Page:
Could Endothelin1 levels that are high be the reason that re-stenosis occurs?
We tested the hypothesis that the plasma level of endothelin-1 (ET-1) is increased in patients with multiple sclerosis (MS). The peptide ET-1 is one of the most potent known vasoconstrictors. An increased level of endothelin could explain some of the vascular symptoms of these patients.
A specific radioimmunoassay was used to determine ET-1 plasma levels.
The plasma ET-1 levels were, on average, 224% higher in the patients with MS than in the controls (p < 0.005)....Neither the different forms nor stages of MS had an influence on the results. The ET-1 level was also not correlated with the duration of the disease.
The plasma ET-1 level is markedly and significantly increased in patients with MS.
Neither the different forms nor stages of MS had an influence on the results. The ET-1 level was also not correlated with the duration of the disease.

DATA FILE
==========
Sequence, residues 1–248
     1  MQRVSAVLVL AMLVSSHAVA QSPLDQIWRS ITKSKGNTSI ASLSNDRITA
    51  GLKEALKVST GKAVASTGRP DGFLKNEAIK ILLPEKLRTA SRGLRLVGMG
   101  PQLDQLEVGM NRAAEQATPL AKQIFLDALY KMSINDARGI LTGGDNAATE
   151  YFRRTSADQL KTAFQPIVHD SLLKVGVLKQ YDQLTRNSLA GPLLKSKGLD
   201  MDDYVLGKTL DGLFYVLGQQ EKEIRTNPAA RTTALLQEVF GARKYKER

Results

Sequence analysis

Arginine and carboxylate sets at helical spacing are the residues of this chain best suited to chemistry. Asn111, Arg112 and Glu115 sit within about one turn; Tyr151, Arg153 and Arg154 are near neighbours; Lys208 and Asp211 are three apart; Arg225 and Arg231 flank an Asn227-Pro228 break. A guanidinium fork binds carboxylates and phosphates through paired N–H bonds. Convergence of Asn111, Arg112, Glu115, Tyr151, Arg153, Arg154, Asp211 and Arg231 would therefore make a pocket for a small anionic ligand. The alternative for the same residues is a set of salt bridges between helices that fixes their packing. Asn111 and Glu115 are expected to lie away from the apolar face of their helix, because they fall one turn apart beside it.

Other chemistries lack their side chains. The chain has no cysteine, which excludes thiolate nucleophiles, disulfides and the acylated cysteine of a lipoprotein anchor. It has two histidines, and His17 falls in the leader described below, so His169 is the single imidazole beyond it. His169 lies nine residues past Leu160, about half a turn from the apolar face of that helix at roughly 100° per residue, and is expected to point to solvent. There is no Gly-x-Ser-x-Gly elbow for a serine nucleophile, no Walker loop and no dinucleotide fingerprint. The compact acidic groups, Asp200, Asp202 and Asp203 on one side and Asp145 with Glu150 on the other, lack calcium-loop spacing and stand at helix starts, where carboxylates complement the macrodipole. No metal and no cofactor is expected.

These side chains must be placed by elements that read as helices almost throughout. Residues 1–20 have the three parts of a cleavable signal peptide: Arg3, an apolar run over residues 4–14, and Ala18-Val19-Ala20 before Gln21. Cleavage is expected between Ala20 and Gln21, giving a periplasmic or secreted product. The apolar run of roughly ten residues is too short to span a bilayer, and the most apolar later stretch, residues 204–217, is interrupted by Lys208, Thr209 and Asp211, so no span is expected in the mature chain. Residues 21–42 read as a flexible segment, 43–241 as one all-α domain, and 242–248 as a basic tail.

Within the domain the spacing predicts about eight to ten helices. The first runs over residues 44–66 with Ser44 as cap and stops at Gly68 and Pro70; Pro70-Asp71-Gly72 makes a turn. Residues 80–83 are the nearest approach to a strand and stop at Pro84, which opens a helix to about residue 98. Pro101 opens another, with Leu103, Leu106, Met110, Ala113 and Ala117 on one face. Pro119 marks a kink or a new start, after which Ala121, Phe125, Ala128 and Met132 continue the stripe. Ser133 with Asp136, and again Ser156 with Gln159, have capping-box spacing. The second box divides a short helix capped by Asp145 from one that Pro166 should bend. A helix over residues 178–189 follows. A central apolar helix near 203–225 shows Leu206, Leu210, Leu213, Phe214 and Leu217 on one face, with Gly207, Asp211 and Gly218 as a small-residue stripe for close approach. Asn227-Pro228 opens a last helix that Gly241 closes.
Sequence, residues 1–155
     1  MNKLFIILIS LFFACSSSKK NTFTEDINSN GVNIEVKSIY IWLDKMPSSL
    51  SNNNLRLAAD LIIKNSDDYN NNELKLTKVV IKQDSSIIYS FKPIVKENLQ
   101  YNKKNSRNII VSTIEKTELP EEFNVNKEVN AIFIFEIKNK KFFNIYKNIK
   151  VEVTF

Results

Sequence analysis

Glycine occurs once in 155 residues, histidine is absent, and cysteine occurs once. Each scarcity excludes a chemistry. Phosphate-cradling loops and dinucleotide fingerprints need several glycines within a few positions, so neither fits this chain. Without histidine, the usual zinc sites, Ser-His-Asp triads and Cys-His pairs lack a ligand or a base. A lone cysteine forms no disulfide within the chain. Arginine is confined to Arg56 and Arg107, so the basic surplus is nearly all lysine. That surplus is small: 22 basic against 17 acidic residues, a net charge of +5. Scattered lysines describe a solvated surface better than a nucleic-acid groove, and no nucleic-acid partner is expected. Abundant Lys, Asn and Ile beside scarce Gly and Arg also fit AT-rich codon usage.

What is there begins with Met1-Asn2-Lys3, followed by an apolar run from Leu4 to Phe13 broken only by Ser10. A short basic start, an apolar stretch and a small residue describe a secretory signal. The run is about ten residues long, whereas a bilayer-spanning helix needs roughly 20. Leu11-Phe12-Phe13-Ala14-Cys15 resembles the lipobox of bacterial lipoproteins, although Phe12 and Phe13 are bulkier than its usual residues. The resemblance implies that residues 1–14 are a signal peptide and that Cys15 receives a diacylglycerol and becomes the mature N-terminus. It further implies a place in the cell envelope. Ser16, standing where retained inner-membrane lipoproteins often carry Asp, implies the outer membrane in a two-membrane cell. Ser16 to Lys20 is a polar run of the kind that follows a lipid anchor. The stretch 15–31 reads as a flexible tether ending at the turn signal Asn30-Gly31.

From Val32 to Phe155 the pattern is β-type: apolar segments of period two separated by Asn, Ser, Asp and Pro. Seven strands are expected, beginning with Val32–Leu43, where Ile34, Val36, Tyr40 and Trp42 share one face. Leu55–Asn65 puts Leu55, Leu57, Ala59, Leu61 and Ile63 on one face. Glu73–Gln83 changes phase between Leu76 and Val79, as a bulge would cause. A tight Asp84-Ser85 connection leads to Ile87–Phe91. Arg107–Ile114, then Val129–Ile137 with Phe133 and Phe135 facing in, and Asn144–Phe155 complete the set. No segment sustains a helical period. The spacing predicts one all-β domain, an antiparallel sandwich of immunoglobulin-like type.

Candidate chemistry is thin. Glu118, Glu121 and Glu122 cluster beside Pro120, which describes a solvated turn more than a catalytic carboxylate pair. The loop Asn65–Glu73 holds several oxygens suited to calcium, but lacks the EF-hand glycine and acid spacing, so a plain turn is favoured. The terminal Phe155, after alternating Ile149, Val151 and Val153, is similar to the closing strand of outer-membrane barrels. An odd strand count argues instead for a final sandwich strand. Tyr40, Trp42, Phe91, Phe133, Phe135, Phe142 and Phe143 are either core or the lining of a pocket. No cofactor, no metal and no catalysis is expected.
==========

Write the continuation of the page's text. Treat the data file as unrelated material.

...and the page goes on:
In iron deficiency, serum levels of ferritin decrease. The lack of iron has been thought to be the main factor in this decrease, but another potential factor is nitric oxide, which has been shown to affect ferritin metabolism in vitro. The aim of this study was therefore to evaluate in children with iron deficiency the relation of serum ferritin, nitric oxide degradation products (nitrate and nitrite), and endothelin-1, a protein closely related to nitric oxide function. ... In children with iron deficiency, nitrate and nitrite levels were significantly higher (p < .009 and .01, respectively). Also, serum ferritin was negatively correlated with serum levels of nitrate and nitrite (p = .034, r = -.254 for nitrate and p = .01, r = -.593 for nitrite). No statistical relationship was found between serum ferritin and endothelin-1.
Conclusions: The plasma ET-1 level is markedly and significantly increased in patients with MS. Neither the cause of such an increase nor the pathogenetic role is known.
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